Daily Digest - January 17, 2020

“These two men may well have fought each other on the battlefield. But here in the church, they were together as brothers in Christ.”The Rev. Charles Harrell, discussing U.S.-Russian teams working together as United Methodists.


Global Ministries

Forging long-lasting U.S.-Russia relations 

ATLANTA — Results of a longtime connection between the Baltimore-Washington Conference and United Methodists in Eurasia include Camp Kristall, which draws both U.S. and Eurasian teams of youth and young adults, along with student volunteers from many nations, especially Africa. It’s all part of the denomination’s In Mission Together program. Christie R. House has the story. 
Read story

Alabama-West Florida Conference
Southeastern Jurisdiction mulls number of bishops

MONTGOMERY, Ala. — Amid discussions of potential church separation, the Southeastern Jurisdiction made plans to hold its regularly scheduled bishop elections in July. Five bishops in the jurisdiction are retiring. The Southeastern Jurisdiction Committee on the Episcopacy plans to make its final recommendation for the number of bishops to be elected after the 2020 General Conference.
Read story
Read Southeastern Jurisdiction plan

No Daily Digest on Jan. 20

There will be no Daily Digest on Jan. 20 in observance of Martin Luther King Jr. Day. The digest will return on Jan. 21. The Daily Digest also will be suspended Jan. 23-24 while staff take part in the 2020 Pre-General Conference Briefing, hosted by UM News in Nashville. 

A look back at MLK and Selma marches
SELMA, Ala. (UM News) — To commemorate Martin Luther King Jr. Day, observed on Jan. 20 this year, UM News revisits its 2015 trip to Selma to cover the 50th anniversary of the 1965 Selma to Montgomery marches. The marches were organized by King and other civil rights leaders to protest institutional racism and support the rights of African Americans to vote. 
Watch video
United Methodists return for Bloody Sunday 50th


Global Ministries, UMCOR
UMCOR names new executive director

ATLANTA — The new executive director of the United Methodist Committee on Relief, effective Feb. 3, is Lara S. Martin, currently the manager of education and programs at the Center for Humanitarian Emergencies of Emory University. Formerly with Save the Children in Washington, Martin is a member of North Decatur United Methodist Church in suburban Atlanta. Elliott Wright reports.
Read press release

Tennessee Conference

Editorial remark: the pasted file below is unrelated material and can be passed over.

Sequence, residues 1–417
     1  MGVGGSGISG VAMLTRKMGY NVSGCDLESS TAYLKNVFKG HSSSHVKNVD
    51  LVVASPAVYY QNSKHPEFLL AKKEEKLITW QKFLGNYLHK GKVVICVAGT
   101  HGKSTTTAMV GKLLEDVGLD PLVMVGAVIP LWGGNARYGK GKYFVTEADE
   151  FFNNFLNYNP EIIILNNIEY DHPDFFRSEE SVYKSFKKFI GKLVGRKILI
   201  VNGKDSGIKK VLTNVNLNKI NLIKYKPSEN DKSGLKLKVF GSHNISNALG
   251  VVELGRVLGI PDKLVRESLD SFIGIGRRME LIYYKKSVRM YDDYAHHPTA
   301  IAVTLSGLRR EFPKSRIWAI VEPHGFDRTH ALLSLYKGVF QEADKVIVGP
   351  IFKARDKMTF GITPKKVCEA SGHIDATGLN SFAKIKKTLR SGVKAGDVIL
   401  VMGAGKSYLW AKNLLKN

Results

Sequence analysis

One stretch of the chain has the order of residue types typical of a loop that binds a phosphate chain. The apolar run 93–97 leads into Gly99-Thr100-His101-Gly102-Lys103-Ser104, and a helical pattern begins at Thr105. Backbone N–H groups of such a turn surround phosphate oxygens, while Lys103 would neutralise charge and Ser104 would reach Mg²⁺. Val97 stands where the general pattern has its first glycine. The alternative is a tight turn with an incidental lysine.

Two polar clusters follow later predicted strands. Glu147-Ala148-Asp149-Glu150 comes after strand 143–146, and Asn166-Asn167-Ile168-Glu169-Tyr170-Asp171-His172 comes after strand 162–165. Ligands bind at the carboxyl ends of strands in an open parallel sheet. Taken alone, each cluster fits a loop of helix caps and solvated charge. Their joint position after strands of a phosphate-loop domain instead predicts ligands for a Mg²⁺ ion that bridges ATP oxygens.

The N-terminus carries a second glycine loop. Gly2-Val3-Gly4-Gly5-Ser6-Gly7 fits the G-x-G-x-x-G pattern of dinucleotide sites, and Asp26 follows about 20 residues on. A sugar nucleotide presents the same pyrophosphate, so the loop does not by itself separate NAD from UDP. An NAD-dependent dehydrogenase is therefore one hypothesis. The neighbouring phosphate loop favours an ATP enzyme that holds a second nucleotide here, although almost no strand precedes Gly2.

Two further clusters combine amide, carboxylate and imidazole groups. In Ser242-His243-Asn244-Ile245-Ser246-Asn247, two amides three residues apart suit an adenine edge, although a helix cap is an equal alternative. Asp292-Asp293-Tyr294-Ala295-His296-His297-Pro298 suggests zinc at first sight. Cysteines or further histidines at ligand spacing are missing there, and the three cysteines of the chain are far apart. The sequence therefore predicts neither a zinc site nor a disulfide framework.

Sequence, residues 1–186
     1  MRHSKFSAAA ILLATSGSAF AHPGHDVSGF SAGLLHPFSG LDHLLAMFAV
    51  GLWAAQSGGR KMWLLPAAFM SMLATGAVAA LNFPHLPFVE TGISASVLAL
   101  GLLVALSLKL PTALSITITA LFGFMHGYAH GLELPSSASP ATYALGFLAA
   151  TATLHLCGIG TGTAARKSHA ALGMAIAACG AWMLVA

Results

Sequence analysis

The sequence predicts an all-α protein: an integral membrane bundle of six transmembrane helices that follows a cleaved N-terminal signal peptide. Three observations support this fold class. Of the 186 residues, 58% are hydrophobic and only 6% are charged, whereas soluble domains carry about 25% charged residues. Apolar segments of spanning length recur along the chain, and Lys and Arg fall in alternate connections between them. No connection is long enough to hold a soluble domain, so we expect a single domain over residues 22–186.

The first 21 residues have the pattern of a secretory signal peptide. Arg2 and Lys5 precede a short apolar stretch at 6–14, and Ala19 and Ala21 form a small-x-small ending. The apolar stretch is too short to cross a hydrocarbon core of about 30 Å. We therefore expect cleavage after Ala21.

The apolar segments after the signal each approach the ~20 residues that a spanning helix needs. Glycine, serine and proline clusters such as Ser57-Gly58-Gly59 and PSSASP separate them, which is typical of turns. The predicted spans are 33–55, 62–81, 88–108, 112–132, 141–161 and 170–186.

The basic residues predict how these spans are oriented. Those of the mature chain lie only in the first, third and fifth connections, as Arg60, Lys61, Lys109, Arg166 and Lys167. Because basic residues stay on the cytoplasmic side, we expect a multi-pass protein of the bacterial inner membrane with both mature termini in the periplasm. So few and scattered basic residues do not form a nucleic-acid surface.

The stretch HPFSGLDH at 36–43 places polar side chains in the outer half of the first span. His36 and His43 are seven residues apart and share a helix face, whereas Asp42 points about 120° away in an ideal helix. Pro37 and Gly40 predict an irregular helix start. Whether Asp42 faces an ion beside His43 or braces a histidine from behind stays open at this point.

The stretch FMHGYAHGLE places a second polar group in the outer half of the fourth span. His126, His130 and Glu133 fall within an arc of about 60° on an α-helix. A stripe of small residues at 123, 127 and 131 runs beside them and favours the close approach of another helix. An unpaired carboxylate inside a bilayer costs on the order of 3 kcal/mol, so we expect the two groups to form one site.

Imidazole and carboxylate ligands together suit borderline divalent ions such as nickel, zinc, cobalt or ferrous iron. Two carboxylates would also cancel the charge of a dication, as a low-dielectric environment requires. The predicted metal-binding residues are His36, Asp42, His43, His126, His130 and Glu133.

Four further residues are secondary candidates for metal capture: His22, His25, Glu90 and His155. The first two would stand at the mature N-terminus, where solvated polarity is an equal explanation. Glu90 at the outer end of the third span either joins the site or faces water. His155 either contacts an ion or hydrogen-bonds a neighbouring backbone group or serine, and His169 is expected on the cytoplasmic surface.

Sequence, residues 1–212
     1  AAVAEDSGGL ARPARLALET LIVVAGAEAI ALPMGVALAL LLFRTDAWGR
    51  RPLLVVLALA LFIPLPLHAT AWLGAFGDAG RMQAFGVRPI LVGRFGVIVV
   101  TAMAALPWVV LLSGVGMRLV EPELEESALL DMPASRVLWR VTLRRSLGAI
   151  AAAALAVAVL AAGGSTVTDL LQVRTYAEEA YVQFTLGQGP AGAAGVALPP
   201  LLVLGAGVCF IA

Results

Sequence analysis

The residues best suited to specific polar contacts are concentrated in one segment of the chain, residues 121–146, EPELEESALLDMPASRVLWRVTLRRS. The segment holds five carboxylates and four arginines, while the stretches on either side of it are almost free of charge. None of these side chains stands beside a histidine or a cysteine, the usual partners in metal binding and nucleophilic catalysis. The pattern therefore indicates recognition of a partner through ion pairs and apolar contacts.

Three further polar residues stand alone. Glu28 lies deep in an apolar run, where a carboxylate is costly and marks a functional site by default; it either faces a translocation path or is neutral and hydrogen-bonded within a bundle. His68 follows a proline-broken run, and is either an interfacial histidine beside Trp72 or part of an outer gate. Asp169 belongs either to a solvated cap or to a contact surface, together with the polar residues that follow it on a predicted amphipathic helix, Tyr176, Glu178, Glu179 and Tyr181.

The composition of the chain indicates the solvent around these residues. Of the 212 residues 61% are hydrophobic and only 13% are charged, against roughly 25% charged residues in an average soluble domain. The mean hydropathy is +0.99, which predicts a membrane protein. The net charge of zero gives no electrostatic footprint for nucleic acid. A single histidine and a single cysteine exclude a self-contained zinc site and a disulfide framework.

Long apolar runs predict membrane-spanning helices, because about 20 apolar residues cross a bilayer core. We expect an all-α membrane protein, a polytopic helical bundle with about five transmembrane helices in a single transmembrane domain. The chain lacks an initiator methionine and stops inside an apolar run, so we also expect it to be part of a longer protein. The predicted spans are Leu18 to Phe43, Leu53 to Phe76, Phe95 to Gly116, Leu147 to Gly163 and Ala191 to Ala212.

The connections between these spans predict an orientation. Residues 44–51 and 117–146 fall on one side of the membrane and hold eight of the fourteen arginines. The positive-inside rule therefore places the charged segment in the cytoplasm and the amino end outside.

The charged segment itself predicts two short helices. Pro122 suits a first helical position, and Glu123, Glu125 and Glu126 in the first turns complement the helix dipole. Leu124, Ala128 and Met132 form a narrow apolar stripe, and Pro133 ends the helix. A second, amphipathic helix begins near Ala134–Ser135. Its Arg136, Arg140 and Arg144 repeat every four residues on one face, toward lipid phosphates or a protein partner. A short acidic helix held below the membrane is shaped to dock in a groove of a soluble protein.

Foundation enriches senior ministries

NASHVILLE, Tenn. — The Golden Cross Foundation, an extension ministry of the Tennessee Conference, awarded more than $100,000 to churches and organizations in 2019 for ministries serving older adults. The grants have been used to start an iPad pilot project, retrofit churches with ramps and lifts, provide financial assistance for feeding ministries and help launch an intergenerational home-sharing program. 
Read press release

UM News includes in the Daily Digest various commentaries about issues in the denomination. The opinion pieces reflect a variety of viewpoints and are the opinions of the writers, not the UM News staff.

West Ohio Conference
How did John Wesley handle money?

SPRING ARBOR, Mich. — John Wesley, Methodism’s founder, grew up poor. But the sale of his writings and his preaching made him one of England’s wealthiest men. He made sure to give almost all of it away. Charles Edward White, a professor at Spring Arbor College, writes about Wesley’s stewardship of money.
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Christians should practice ‘unusual kindness’

Comparing plans headed to GC2020


Sunday, Jan. 19
Human Relations Day

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Daily Digest - September 24, 2020

God things happening in Flint; Young elders near historic low; Louisville church opens for prayer vigils

Daily Digest - September 23, 2020

Is The United Methodist Church involved in politics?; Groundbreaking first step for Nigerian church radio; Outdoor services old hat for this church

Daily Digest - September 22, 2020

Conference backs replacing Cross and Flame; Fix broken migration policy, religious leaders say; Men's Bible study crosses racial lines